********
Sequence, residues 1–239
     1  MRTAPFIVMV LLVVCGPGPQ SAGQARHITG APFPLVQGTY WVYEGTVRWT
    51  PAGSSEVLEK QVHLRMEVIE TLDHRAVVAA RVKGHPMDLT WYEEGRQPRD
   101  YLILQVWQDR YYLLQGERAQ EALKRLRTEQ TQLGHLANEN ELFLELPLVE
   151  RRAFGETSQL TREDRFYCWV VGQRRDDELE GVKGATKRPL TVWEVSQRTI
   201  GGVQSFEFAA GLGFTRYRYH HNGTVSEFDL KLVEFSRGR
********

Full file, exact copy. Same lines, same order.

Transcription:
Sequence, residues 1–239
     1  MRTAPFIVMV LLVVCGPGPQ SAGQARHITG APFPLVQGTY WVYEGTVRWT
    51  PAGSSEVLEK QVHLRMEVIE TLDHRAVVAA RVKGHPMDLT WYEEGRQPRD
   101  YLILQVWQDR YYLLQGERAQ EALKRLRTEQ TQLGHLANEN ELFLELPLVE
   151  RRAFGETSQL TREDRFYCWV VGQRRDDELE GVKGATKRPL TVWEVSQRTI
   201  GGVQSFEFAA GLGFTRYRYH HNGTVSEFDL KLVEFSRGR